People are dumb.
In this case though, I don't think their concern is so much motivated by stupidity but the fear that comes from the vague flash of realization that in the kind of socialist utopias they idolize, they become very much like the giraffes. It's self preservation by proxy.
Are you saying we euthanize each other to prevent overpopulation and inbreeding?
I'm saying that socialism and eugenics (and euthanasia) tend to walk hand in hand. When you shift the focus of a society from individual rights to group outcomes and make the government responsible for maximizing those outcomes, the idea that the government might accomplish this best by eliminating those most costly and least productive isn't a giant leap to make. It's not like it hasn't happened before.
I mean when folks say stuff like this:
George Bernard Shaw wrote:
You must all know half a dozen people at least who are no use in this world, who are more trouble than they are worth. Just put them there and say Sir, or Madam, now will you be kind enough to justify your existence? If you can't justify your existence, if you're not pulling your weight in the social boat, if you're not producing as much as you consume or perhaps a little more, then, clearly, we cannot use the organizations of our society for the purpose of keeping you alive, because your life does not benefit us and it can't be of very much use to yourself.
Many have argued that Shaw was just joking, or presenting a reductio ad absurdum argument. But then we'd have to assume he was also joking when he suggested making death chambers for the unfit and the need to develop a gas which could accomplish this quickly and efficiently back in 1910 or so. And maybe he was just joking around. But some people didn't think this idea was a joke, did they?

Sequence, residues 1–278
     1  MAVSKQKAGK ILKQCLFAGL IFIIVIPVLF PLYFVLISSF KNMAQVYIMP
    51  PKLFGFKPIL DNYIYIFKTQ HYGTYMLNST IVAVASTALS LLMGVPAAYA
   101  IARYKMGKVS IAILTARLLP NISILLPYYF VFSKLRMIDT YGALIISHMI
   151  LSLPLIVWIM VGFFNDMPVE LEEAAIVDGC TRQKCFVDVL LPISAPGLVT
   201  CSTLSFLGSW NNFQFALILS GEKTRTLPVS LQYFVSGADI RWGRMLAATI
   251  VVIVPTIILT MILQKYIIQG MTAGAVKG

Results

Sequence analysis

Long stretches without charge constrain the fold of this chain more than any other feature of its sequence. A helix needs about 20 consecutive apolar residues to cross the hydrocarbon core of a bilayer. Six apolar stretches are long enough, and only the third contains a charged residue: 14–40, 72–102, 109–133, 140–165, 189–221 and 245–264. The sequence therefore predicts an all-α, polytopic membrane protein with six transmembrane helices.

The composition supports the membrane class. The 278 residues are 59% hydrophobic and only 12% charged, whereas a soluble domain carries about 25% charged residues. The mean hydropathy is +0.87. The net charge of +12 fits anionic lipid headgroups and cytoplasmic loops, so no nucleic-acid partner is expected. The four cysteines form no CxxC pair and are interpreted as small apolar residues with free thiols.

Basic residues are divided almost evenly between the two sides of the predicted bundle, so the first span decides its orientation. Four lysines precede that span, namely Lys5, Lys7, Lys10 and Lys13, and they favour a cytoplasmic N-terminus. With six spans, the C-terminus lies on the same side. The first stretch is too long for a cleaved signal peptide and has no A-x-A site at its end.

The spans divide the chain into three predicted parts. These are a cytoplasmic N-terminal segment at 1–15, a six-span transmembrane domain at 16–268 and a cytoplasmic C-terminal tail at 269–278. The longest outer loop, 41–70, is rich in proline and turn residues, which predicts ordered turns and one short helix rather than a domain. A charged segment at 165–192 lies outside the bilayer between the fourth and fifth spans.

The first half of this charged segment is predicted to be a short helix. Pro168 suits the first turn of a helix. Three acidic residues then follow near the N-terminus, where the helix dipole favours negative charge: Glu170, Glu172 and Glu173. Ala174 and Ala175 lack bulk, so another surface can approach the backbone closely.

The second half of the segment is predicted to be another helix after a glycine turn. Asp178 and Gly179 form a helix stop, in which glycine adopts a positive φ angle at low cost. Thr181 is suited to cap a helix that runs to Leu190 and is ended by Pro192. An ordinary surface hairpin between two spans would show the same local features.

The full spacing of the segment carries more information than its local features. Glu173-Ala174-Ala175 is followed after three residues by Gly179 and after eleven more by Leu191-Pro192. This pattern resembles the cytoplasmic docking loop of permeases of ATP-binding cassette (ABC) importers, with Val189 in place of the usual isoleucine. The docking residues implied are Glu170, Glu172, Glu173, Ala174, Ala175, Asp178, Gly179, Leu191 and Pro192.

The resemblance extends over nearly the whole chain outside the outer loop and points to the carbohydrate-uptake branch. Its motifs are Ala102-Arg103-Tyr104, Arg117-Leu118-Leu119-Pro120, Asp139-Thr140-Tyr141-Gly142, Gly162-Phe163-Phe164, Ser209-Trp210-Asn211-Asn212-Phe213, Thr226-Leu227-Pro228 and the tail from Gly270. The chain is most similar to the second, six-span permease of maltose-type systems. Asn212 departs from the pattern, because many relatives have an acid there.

And hey. We'd have to also discount his support for Stalin's actions in the USSR in 1933:
But the most elaborate code of this sort would still have left unspecified a hundred ways in which wreckers of Communism could have sidetracked it without ever having to face the essential questions: are you pulling your weight in the social boat? are you giving more trouble than you are worth? have you earned the privilege of living in a civilized community? That is why the Russians were forced to set up an Inquisition or Star Chamber, called at first the Cheka and now the Gay Pay Oo (Ogpu), to go into these questions and "liquidate" persons who could not answer them satisfactorily.
So maybe not joking around. And while he was perhaps the most outspoken and publicly recorded socialist of his day, he was then just parroting the common thoughts of the day within those august intellectuals, who were all sure they knew better than everyone else how a society should be run. Great ideas, right?
Modern socialists insist that these things aren't part of their brand of socialism. They go to great lengths to distance themselves from these kinds of ideas, and especially anyone who actually carried them out. The horrors of the holocaust were so completely reviled that no one could continue to publicly associate any political movement with those ideas anymore. But they're still linked. What makes socialist theory "work" is the necessity of the state to somehow force people to be productive. You must replace the free market incentive of personal economic growth with something else.
I don't think it's hard for folks who live in socialist countries to recognize that they are more or less subject to the whim of the government for their livelihood. And that's remarkably like an animal in the zoo, isn't it?